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youtube.com/sideburns2009
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Discussion Starter #3
The "valley" is open to the main part of the engine. Your PCV valve provides a continual vacuum to the "inside" of the engine when it fails. The vacuum hose from the valve cover to the air intake has a small filter element that gets plugged up, so where does the "fresh air" come from that the now higher vacuum in the block is looking for (and where does the splashing oil under the plenum go) ? :eekkkk: :ask_wsign
The PCV valve wasn't the cause of the oil being used in the Ram. The pan on the bottom of the intake (which on the magnum engine is the upper and lower intake cast into one piece, hence the whole reason the pan is there. Too big of a cavity to cast it solid) is very thin, the gasket blows out and it sucks oil directly into the intake manifold from the valley, where the pushrods and camshaft are bathing in oil.

I was just saying, since the vacuum pulling into the intake ports is so strong, it just seemed that the gasket would have got sucked into the intake rather than blow out of the side into the valley. Anyhow, the new pan was probably 200x thicker and it's not going to happen again. All is well.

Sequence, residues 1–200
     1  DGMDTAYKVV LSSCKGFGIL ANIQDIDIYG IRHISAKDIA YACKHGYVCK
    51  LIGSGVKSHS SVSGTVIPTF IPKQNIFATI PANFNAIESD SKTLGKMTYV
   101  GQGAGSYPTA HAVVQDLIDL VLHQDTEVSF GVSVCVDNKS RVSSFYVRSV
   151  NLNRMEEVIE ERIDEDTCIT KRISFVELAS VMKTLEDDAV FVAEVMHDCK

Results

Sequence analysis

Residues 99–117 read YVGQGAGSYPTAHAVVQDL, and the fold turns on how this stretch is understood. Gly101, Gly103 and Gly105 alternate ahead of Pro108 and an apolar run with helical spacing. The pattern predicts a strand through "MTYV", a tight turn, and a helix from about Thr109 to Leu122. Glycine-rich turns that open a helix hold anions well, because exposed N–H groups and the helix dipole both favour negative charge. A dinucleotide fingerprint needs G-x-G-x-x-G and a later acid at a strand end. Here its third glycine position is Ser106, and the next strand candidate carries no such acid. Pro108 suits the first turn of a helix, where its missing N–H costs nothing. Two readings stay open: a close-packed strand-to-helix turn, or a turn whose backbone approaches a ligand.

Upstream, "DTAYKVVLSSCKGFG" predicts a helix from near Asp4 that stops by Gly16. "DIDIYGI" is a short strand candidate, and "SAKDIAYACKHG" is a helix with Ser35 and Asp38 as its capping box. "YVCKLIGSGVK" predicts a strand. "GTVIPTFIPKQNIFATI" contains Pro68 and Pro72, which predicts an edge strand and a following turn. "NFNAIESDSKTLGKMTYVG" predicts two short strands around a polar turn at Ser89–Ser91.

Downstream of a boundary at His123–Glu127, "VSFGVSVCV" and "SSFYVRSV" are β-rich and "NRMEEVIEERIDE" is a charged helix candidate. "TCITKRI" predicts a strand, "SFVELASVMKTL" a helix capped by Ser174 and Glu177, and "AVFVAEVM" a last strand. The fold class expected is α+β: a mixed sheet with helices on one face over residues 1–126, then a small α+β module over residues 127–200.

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It wouldn't be a problem if they didn't use that dumb intake design. They may have well just used a conventional looking 2 barrel manifold and still had long runners for torque.
 

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youtube.com/sideburns2009
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Discussion Starter #5
I don't think the design is dumb. Just one piece to remove instead of 2.
 

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I put that kit on my 5.2 a few years ago and it's a world better than the stock design. Anyone needing to replace a leaking belly pan gasket should strongly consider that upgrade on their Magnum. However, when I did mine, my feedback was not deemed worthy of a testimonial on the site! :bcyclop: (But I was in print with a testimonial in the DR Field and Brush Mower catalogue for a few years!)